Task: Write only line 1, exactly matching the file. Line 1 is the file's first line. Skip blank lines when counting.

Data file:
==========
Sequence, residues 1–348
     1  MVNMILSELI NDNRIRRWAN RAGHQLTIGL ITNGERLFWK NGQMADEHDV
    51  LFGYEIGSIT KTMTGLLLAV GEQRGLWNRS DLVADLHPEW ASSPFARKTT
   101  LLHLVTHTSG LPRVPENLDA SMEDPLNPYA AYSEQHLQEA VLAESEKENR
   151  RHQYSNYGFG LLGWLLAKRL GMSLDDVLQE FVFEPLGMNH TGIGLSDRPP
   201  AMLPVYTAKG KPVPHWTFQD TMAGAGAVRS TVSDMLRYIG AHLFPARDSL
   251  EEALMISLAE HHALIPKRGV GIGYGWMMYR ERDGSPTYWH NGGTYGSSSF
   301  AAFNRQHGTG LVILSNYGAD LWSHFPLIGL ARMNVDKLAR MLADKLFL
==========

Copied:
Sequence, residues 1–348